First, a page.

Then came the early local authority period.  Still a narrow road with passing places.  Some of that narrowness exists today near the Crown.  The road was subsequently widened to become the double-lane size it still is today; although still unmade until the teen years of the twentieth century.

As the number of motor vehicles increased, and in recognition of it being a shopping street with direct access to the city centre, the thirties brought some welcome relief when the bypass road from Roe Green to the Watford road encouraged traffic with no business in St Albans to miss it out altogether.

At Smallford some further widening took place, and the bend at the rec was shaved to provide a better sightline.  Otherwise, the road today is the same as it was in the 1960s.  It is not that there was no ambition on the part of the County Council.  Two proposals from that time may linger in some people's memories.  The first, and most radical, was to bulldoze the "straggle of shops" out of existence, replacing them with clusters of shops and residences further from the road.

The second was to make the street into a local road, and divert through traffic on its own mini bypass as a dual carriageway on the route of the former branch railway between Camp Road and Smallford.  The report did not state whether there would be access junctions at, say Sutton Road, Ashley Road and Hill End; nor did it acknowledge that a four lane highway is rather wider than the railway, even though there was sufficient width for two tracks.

Neither of these schemes, as we know, went anywhere, and since then a further fifty years have passed with its inexorable increase in traffic and parking demand.  But at least Morrison's has provided some additional parking.  What is surprising is that, as new buildings have sprung up on the south side through Fleetville, no allowance was made in the planning applications for future widening.  And at the worst section of all, no additional lane was provided for buses outside Morrison's.  What were the authorities (not) thinking of?
Smallford, towards Hatfield.  The tollhouse on the left (where the paddock
is today), with the Four Horseshoes beyond.  On the right, the cottages are
no more.  But the road IS wider.

Sunday, 1 December 2013

Whose error?

Last week I posted details of some confusion over a field at Beaumonts Farm which the farmer, Mr William Moores, had been instructed to plough up near the end of WW1.  I will not repeat the details here, since the blog entry can be referred to directly.

During the course of the week I took the opportunity to view the original file of documents – mainly copies of letters between the County War Agricultural Committee and Mr Moores.  As a result I have to make a couple of corrections.  One of the errors was, regrettably, mine!  I had understood the name Fleetville Field to mean a specific field.  In fact the email I received referred to "a Fleetville Field"; not the same thing at all!  So Home Meadow, between Beaumont Avenue and the present Beechwood Avenue south of Farm Road, was probably still named as such; and we can ignore all references to the Grammar School Field next to Hatfield Road Cemetery.

But there was some incompetence on the part of the Committee.  There was, in the end, only one instruction: to plough up one field.  The Committee knew which one, since someone had presumably made a field inspection, but they just couldn't get it right when corresponding with Mr Moores.

The first letter from the Committee detailed the pair of field numbers (included in which he was also asked to grub up the trees in the intervening hedge).  Mr Moores replied in a carefully worded letter, that he was not responsible for those fields.  The Committee admitted that these were part of Mr Titmuss' land at Winches Farm (between Beaumonts and Oaklands).  I noted there was no sign of apology in the Committee's response.    The Committee then sent another letter instructing that Mr Moores plough up another field which actually was part of Beaumonts Farm.  It was known as Heath Field, fronting onto Beaumont Avenue and Sandpit Lane.  This time Mr Moores had to tell the Committee this field was already being cultivated.  Again no hint of apology, but the Committee then made another attempt to correct itself.  This time it was the field 821 (Home Meadow) mentioned in my last blog, where the farmer was unable to plough because of the number of people using it for recreational purposes.  There is no further correspondence, but a short while later the work of the Committee was transferred to the County Council.  As we often say in texts when we have made a mistake over a rather trivial matter: oops.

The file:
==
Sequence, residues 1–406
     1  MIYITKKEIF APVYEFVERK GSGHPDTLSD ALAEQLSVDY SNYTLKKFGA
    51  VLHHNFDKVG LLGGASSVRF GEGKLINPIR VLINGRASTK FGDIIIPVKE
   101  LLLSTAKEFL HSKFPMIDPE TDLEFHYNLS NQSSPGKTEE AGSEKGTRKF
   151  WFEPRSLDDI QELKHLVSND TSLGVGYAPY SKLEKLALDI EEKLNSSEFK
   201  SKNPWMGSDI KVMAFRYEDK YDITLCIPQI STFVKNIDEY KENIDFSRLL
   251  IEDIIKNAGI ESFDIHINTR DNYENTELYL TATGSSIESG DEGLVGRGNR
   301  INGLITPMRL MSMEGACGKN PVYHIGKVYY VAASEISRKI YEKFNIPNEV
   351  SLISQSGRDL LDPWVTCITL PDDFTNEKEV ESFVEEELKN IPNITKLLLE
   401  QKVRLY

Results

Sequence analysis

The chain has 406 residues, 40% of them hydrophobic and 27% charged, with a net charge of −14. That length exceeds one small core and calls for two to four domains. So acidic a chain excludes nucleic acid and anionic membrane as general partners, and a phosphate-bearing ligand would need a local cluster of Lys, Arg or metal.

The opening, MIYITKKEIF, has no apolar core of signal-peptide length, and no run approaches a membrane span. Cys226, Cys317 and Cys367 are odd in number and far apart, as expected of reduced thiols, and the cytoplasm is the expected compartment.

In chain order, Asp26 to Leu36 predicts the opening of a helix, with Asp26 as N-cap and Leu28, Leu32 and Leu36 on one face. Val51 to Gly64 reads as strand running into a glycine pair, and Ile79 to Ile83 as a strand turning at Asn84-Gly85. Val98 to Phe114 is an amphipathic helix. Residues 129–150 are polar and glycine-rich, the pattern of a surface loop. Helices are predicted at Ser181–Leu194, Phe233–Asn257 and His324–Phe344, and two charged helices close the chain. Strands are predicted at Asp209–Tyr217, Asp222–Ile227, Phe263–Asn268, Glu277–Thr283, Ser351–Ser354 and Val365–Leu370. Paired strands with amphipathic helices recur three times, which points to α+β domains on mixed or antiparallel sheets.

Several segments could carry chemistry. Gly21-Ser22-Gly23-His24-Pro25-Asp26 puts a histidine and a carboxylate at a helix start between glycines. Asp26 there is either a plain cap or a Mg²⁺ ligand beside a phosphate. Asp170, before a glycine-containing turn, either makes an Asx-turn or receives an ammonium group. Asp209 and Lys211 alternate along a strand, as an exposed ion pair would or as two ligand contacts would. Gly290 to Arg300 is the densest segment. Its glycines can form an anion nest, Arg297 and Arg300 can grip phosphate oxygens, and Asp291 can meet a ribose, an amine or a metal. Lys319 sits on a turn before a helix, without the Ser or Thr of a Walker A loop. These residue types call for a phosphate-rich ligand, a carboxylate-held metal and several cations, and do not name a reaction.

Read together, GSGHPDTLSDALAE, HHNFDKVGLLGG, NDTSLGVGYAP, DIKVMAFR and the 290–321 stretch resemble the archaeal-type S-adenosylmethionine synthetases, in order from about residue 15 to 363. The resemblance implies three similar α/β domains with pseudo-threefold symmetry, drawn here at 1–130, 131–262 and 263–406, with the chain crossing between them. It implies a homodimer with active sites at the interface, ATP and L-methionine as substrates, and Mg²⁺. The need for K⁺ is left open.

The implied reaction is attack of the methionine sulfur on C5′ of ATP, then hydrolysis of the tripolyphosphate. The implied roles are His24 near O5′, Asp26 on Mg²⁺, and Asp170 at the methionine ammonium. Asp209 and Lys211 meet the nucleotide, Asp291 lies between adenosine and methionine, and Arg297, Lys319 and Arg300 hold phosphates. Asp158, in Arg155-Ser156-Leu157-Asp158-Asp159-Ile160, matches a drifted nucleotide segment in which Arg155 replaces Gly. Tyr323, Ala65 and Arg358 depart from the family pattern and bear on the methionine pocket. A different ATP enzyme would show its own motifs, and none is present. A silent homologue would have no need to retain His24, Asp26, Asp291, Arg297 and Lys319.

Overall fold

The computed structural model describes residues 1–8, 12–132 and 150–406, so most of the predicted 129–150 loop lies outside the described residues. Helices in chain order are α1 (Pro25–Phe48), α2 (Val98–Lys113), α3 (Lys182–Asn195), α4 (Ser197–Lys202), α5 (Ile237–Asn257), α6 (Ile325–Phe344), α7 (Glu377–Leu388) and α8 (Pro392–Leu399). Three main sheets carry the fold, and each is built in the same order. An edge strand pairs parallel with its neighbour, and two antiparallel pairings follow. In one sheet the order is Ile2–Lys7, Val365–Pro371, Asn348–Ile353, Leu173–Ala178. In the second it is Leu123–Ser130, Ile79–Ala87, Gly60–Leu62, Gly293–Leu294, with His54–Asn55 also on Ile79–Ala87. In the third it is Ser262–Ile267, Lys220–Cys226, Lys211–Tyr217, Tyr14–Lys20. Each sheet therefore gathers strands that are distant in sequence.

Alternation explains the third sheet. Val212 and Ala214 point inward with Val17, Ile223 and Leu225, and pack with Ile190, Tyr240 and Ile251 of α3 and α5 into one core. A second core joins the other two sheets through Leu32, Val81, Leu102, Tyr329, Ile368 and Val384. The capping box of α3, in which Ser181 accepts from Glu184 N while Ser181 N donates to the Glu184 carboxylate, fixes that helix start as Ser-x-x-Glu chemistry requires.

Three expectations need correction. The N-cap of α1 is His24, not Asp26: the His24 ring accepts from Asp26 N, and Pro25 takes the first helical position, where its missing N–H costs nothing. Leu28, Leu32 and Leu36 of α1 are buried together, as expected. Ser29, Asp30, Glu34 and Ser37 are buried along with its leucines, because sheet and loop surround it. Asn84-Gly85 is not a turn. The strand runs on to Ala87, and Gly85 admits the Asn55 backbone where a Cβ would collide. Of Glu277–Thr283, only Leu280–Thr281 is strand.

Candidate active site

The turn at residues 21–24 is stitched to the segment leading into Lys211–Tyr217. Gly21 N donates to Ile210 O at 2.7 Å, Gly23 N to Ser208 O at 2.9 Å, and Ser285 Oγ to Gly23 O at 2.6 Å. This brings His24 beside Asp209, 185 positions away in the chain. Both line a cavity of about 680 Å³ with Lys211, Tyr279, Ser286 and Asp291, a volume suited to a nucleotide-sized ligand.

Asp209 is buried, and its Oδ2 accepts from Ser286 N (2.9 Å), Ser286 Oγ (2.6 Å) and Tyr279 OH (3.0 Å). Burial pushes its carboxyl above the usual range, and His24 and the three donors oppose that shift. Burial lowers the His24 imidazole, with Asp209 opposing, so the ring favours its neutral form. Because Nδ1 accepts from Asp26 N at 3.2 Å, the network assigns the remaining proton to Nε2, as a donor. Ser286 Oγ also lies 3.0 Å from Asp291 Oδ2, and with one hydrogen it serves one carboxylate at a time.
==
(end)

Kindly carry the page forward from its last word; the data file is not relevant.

Cemetery wall
At the time the Hatfield Road cemetery was created one of the proposed construction elements was a boundary wall, but since no early photo of the cemetery from Hatfield Road exists, except for the ornate entrance, it is not possible to illustrate the rest of the boundary to its extremities as it was for around half a century.

In the 1930s Hatfield Road was widened at this point and the Herts Advertiser stated that the front wall was moved back 12 feet and rebuilt.  So the question has always been, what happened to the outer sections of wall (assuming they had been built in the first place)?  Did the Council sell the rest of the stone, replacing it with less expensive railings?

A file of documents at Hertfordshire Archives and Local Studies (HALS) reveals that a contract was awarded to Mr Charles Chamberlain of Bedford Road, St Albans for the construction of a boundary wall at the cemetery, 600 feet long and 6 feet high,   with piers, 1 foot 6 inches square, placed every ten feet.  Materials were to be “good, hard, well-burned grey stocks of the neighbourhood.”  I take that to mean that it is a brick wall.  The contract price was £142 and was signed off in December 1883.

This is the first evidence that a wall the full length of the Hatfield Road frontage was constructed.  The reason why the wall was not reconstructed when the road widening took place in the 1930s, was undoubtedly the cost of reconstructing a wall in brick.  In any case, by that time there was a significant shrub and tree screen.  Today, the railings are not the dominant feature; instead, we enjoy walking beside a rather attractive mature hedge.